Astros, Braves, Yogi, and The Hillside Tattler

One reason that I’m glad the Atlanta Braves will be playing the Houston Astros in the World Series is purely nostalgic. The first Major League Baseball game I ever covered was Astros at Braves on my birthday in 1986. Got to meet Yogi Berra, who was a coach for the playoff-bound Astros at the time. Got to meet Dale Murphy. And the funny thing about it is, I wasn’t supposed to be there.

Here’s what happened.

My family had a print shop in Covington, Georgia. I’d left my job as sports editor at a tri-weekly newspaper in South Carolina to join the business but I missed being a sports writer and had always wanted to cover baseball. So I invented a non-existent newspaper called  The Hillside Tattler.

Back then, if you were a small newspaper on the fringes – or in this case, a fantasy newspaper – you got into major professional or college sporting events by writing to the organization’s media relations department, stating your intentions on a copy of your newspaper’s – or fantasy newspaper’s – letterhead.

So I designed a masthead for The Hillside Tattler, created a piece of letterhead and typed a letter to the Braves media guy, begging for press passes, claiming our newspaper (located in a distant, fictional rural Georgia town) wanted to write a feature story about what it’s like to play out the string of a major league season, because the Braves had been out of the division race since mid July.

My brother Steve took these shots of Yogi Berra at work for the Houston Astros, late in the 1986 season, when Houston was still a rival of the Atlanta Braves in the National League West. Now they’re in different leagues and squaring off in the World Series.

Meanwhile, the red hot Houston Astros were coming to Atlanta to play the Braves for a late September three-game weekend series en route to their epic National League Championship Series against the New York Mets. I asked for two passes for a Friday night game, which happened to be my birthday – one for a writer (me, the fake editor of the fake newspaper) and one for a photographer (my brother Steve, the fake photographer who actually is a great photographer, of the fake newspaper).

The passes were waiting at will call, and we got there in plenty of time to see batting and fielding practice, spoke with NBC broadcasters Tony Kubek and Bob Costas who were there in advance of Saturday’s telecast. Then we met Yogi.

We’d grown up with a father who was a big Yankees fan so Berra was something between a saint and a super hero in our house, maybe the best catcher of all time, the archetype clutch player who helped the Yankees win 10 World Series then managed both the Yankees and Mets to pennants. The bow-legged Berra might have been the size of a bowling trophy, but to us he was still a giant.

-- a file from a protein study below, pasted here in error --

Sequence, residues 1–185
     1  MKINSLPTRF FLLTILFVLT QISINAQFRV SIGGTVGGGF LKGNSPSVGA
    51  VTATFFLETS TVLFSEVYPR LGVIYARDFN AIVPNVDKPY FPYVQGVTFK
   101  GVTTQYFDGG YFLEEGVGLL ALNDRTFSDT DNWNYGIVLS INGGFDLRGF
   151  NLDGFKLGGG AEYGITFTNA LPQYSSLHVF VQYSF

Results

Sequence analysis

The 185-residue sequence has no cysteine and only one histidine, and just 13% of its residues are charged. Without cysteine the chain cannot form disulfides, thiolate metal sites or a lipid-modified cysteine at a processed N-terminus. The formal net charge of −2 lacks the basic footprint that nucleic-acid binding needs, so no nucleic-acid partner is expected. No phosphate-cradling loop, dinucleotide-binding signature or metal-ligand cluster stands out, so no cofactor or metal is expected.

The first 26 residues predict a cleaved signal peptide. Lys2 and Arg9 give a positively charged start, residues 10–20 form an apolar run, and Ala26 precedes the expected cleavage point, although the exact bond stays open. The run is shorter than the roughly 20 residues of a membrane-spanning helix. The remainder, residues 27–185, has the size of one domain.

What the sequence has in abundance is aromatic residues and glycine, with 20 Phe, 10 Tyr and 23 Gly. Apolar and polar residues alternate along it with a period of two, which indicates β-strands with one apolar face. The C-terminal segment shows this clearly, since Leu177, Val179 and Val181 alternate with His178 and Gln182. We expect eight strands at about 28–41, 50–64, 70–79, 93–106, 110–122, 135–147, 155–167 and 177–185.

He was standing near the third-base line, hitting fly balls to guys in the outfield. He patiently answered a couple of questions and I wrote it down in a reporter’s notepad that I later asked him to sign – a shameless move that proved I wasn’t an actual reporter at the time, though Yogi didn’t see through the façade. Nor did he care. He went back to work.

The Braves won the game, 5-4, then lost seven of their last eight games, falling from fourth to sixth.

Eventually, we lost the print shop and I went back to sports writing for about 10 years. Covered a lot of baseball games, got to cover the World Series, including the Braves championship run in 1995. Those were some great times, and all of it on the up and up, with actual stories written on deadline and everything – no fake letterhead, no asking for autographs, no cheering in the press box.

But the first Major League Baseball game that I ever covered was particularly special. We got to meet Yogi Berra! Sure, it was covered under false pretenses and it would have been better if was, you know, legit. But as Yogi himself said, “if the world were perfect, it wouldn’t be.” Right on, Yogi. Right on.

Leave a Reply

Fill in your details below or click an icon to log in:

WordPress.com Logo

You are commenting using your WordPress.com account. Log Out /  Change )

Google photo

You are commenting using your Google account. Log Out /  Change )

Twitter picture

You are commenting using your Twitter account. Log Out /  Change )

Facebook photo

You are commenting using your Facebook account. Log Out /  Change )

Connecting to %s

%d bloggers like this: